ATLANTA, July 21 (UPI) -- Testing all HIV-infected men having sex with men for hepatitis C is critical, especially for men engaging in high-risk behavior, U.S. health officials advise.
Clinicians should remind patients that unprotected sex between HIV-infected partners can transmit other infections, including hepatitis C, a report published in the Centers for Disease Control and Prevention's Morbidity and Mortality Weekly Report says.
Hepatitis transmission primarily occurs through exposure to blood via needle-sticks or catheter procedures but people who inject drugs are at greatest risk.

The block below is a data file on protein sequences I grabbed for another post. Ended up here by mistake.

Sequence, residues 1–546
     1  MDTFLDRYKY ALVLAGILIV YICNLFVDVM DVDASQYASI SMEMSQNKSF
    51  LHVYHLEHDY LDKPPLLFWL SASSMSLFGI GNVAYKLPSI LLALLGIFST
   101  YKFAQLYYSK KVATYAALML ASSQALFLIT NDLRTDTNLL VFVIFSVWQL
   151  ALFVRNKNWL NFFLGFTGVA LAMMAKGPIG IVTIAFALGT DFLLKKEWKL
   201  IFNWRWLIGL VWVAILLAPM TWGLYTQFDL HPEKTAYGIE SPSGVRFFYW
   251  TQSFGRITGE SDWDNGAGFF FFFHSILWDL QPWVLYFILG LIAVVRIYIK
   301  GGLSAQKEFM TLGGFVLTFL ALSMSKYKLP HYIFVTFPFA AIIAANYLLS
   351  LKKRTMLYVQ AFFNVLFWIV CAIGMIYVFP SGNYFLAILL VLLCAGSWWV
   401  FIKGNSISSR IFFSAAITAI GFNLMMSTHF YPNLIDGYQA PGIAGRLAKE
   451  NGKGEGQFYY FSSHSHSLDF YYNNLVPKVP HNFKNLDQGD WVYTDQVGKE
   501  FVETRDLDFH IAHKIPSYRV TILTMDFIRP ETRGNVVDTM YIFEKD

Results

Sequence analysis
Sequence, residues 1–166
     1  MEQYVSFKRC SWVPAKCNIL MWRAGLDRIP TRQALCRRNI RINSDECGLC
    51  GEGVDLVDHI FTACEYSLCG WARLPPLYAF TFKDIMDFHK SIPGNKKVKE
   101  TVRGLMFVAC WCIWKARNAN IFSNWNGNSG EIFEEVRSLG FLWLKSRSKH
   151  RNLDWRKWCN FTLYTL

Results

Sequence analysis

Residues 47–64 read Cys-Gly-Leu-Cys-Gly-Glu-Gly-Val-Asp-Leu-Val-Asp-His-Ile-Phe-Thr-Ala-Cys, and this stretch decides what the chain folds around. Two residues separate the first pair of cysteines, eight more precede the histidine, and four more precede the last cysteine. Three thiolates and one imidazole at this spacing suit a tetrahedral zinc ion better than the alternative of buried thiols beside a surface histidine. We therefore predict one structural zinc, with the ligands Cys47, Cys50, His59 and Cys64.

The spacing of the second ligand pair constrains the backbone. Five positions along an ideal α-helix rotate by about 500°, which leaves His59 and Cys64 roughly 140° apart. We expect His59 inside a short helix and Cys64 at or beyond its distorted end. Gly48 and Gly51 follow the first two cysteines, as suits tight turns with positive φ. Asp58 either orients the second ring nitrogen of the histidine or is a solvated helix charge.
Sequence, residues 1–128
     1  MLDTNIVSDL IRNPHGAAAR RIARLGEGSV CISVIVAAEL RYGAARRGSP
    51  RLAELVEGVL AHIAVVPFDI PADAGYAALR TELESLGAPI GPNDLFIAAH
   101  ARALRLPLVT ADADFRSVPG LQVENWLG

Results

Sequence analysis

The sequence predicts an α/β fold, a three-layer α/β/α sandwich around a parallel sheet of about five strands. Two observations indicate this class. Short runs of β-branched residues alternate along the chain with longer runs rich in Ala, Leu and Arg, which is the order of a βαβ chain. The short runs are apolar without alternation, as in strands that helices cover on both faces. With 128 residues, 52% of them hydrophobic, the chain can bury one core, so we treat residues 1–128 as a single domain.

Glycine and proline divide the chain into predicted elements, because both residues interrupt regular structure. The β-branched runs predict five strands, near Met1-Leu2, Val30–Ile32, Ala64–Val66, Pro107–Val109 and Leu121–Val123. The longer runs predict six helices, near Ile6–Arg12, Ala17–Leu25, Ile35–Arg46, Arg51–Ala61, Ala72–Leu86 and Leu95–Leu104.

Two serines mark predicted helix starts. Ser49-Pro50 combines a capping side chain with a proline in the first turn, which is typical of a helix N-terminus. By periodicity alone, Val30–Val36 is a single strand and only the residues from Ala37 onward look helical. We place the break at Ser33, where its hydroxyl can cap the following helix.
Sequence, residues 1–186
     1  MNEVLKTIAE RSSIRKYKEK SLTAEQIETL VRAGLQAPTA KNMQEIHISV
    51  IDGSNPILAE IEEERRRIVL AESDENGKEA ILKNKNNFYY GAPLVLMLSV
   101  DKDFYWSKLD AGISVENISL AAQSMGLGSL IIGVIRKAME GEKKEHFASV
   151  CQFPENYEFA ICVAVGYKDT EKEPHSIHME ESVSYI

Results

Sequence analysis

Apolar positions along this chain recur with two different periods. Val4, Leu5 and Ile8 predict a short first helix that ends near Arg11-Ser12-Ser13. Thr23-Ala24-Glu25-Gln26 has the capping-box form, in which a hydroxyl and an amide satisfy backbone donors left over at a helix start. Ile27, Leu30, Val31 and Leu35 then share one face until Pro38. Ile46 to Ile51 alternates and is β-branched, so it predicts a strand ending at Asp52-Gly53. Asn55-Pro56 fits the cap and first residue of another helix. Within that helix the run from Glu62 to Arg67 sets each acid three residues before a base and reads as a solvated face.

After observing a large increase in the number of new cases of hepatitis C transmission among HIV-infected men having sex with men, investigators at Mount Sinai Medical Center in New York, along with CDC, examined the role of sexual transmission among these men, who had no other risk factors for hepatitis C infection, including injection drug use.
"The study found men co-infected with HIV and hepatitis C were significantly more likely to engage in high-risk sexual behaviors and non-injection drug use during sex," the report says. "In addition, hepatitis C genetic analysis suggested that hepatitis was transmitted within social networks of these men and infection with HIV may lead to an increased likelihood of sexual transmission of hepatitis C and accelerate HCV disease progression."